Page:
The remainder of the meeting went as poorly as it had begun for the beleaguered Finance Ministry. Presidential adviser Andrei Illarionov noted caustically that, according to International Monetary Fund data for 94 countries, only Lesotho, Croatia, and Belarus place a heavier tax burden on each individual citizen. Economic Development Minister German Gref asked about free economic zones, a pet project of his that the Finance Ministry had promised to include in its tax-reform package to offset Gref's objections to other provisions. "Where is this point?" Gref queried. "I crossed it out," Finance Minister Aleksei Kudrin told his colleague in a reply that bodes ill for the recent truce between the two occasionally warring ministries.

The sole concrete result of the discussion that failed to take place was a tentative agreement to reduce the value-added tax from 20 percent to 18 percent in 2004. In sum, Kasyanov gave the Finance Ministry until April to develop new proposals so that they could be squeezed into parliament's spring session.

When the combined, if not concerted, efforts of the Finance Ministry and Economic Development and Trade Ministry finally produce a more coherent plan for tax reform, its final provisions on oil industry taxation will prove a useful indicator of precisely what role that industry plays in Russian political life. Troika Dialog chief strategist James Fenkner told "The Moscow Times" of 14 March, "I wouldn't be surprised if the government does not find enough arguments to raise taxation for this politically important sector before the election." Understandably, the oil sector can only be expected to put its financial clout at the disposal of the political sector if no populist "soak the rich" schemes are in the offing. Alternately, one might argue that the political class stands to gain more from asking oilmen to contribute directly to its own war chest than from telling voters that it will force oilmen to contribute more to the public's coffers.

Should an oil-sector tax hike skirt the political reefs and arrive in parliament, it could prove equally instructive. Igor Dines, a member of the Budget Committee and proponent of raising taxes on the oil industry, told "Vedomosti" on 13 March, "The oil lobby is more than tangible in parliament. We'll see how many votes the government can really count on in the Duma." DK

As revenues from a booming oil business slosh through the Russian economy, they are bound to seek an outlet. One outlet is credit. A recent study by consulting firm Unicon's Center for Macroeconomic Research (TsMEI) shows that the total amount of credit extended by Russian banks to nonfinancial enterprises and organizations in 2002 rose 35.4 percent and exceeded $50 billion. Hard-currency loans increased more than 50 percent; ruble-denominated loans went up 28.6 percent.

As banks hand out more loans, however, they are finding fewer and fewer tried-and-true clients. Dmitrii Lepetikov, a specialist at the Development Center, told "Izvestiya" on 6 March, "There are no more large, reliable borrowers out there.... The good clients are energy exporters, and they can get credit easily in Europe by putting up future oil shipments to Europe as collateral. That's why banks have to pay attention to more difficult sectors of the economy now." As banks turn to those sectors and begin to attract riskier clients, they will have to develop subtler means of evaluating potential borrowers and mechanisms for coping with a likely increase in bad debts.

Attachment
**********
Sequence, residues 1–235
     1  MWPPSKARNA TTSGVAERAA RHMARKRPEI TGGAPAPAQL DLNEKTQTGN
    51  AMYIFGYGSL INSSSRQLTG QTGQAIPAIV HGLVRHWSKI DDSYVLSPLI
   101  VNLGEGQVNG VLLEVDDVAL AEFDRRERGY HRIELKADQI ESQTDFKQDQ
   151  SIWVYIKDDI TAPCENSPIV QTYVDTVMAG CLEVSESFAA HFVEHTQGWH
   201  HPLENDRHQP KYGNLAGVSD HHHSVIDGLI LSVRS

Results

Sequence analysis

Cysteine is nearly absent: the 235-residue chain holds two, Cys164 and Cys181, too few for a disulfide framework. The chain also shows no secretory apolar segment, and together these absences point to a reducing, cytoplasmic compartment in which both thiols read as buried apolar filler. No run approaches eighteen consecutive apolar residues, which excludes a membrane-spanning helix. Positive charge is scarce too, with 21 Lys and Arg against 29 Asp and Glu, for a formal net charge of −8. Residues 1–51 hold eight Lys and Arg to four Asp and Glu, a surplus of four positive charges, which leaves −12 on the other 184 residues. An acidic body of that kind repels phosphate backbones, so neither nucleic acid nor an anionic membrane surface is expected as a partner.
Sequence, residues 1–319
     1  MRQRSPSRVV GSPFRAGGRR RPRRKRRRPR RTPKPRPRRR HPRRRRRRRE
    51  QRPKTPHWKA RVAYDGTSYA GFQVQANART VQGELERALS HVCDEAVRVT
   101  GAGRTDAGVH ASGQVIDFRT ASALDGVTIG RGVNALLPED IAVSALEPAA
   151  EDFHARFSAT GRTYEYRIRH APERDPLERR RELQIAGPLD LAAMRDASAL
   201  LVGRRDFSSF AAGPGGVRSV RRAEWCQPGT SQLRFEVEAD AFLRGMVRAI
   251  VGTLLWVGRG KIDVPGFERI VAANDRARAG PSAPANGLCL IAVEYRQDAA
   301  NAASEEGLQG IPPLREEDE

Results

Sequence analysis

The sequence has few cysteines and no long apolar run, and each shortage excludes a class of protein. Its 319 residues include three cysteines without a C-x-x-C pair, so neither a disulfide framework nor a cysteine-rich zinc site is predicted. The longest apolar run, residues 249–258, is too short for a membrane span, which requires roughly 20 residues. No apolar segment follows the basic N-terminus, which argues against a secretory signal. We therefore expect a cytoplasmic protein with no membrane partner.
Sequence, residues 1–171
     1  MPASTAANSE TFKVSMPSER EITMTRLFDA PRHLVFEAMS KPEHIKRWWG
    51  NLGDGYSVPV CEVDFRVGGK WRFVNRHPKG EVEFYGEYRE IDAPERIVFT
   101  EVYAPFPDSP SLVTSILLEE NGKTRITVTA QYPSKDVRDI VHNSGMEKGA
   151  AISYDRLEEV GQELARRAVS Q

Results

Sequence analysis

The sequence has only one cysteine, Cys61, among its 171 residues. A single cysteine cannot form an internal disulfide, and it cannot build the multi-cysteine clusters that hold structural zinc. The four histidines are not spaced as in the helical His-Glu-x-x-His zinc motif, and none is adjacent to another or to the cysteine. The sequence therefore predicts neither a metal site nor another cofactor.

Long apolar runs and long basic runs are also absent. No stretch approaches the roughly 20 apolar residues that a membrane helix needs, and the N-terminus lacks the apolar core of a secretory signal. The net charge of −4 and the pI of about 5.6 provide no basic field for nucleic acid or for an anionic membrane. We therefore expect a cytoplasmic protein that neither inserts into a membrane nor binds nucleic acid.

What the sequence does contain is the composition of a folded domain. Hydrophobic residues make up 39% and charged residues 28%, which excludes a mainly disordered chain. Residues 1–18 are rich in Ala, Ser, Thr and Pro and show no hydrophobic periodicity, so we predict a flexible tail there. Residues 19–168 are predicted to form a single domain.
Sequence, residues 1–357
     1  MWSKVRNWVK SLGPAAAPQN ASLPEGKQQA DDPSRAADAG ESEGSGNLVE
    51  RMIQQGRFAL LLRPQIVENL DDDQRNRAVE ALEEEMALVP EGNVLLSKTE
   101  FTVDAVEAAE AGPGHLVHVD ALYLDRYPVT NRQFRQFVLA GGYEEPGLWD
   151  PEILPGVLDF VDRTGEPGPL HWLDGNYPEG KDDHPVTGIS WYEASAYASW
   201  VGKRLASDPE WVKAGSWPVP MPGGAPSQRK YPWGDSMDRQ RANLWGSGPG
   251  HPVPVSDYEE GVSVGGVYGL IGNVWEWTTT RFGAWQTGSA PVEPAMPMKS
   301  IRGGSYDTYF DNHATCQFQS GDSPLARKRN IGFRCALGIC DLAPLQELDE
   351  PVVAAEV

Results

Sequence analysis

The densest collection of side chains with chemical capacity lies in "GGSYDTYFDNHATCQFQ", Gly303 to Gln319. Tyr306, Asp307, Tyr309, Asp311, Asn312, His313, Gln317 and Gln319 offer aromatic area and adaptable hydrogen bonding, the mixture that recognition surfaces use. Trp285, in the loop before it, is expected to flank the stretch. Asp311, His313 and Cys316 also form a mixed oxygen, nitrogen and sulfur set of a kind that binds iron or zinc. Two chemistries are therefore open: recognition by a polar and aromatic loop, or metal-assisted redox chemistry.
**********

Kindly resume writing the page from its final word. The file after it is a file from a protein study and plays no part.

Individual loans are also on the rise. According to TsMEI, Russians borrowed 142.2 billion rubles ($4.53 billion) last year, a figure that includes business development loans to individual entrepreneurs. The majority of loans -- 81.5 percent -- were denominated in rubles.

An indication of consumer credit's growing popularity is the success of Czech-owned Home Credit, which provides short-term loans (four months to two years) to consumers looking to purchase anything from "a meat grinder to a furniture set," as "Izvestiya" wrote on 13 March. Home Credit has branched out from Moscow to Samara and Nizhnii Novgorod. It plans to set up shop in St. Petersburg this month. Aleksandr Kurakin, CEO of the Moscow-based bank that is the lynchpin of Home Credit's Russian operations, told St. Petersburg business newspaper "Delevoi peterburg" on 20 February that Home Credit, which arrived in Russia in mid-2002, is on track to do $10 million business in its first year. Kurakin said that Home Credit will increase its volume to $70 million-$80 million within a year or two.

The tough nut to crack for those who would like to see Russia move to a more credit-oriented financial system is the vast imbalance between loans and savings. If Russians borrowed 142.2 billion rubles in 2002, they still kept 1.2 trillion rubles, or eight times the amount they borrowed, in savings accounts. And that's not all -- by some estimates, an equal sum is kept squirreled away under floorboards and beds by citizens who have learned the hard way that a bank is not always the safest place for their money.

Study after study has coveted the rubles and dollars under those beds and floorboards, wondering how they can be coaxed out into the economy and exchanged for meat grinders and furniture sets. Home Credit's early success, and the general trend toward a slow expansion of the credit economy, indicate that instead of asking when Russians will start spending, studies should have been asking when Russians will start borrowing. The answer to that question appears to be "now." DK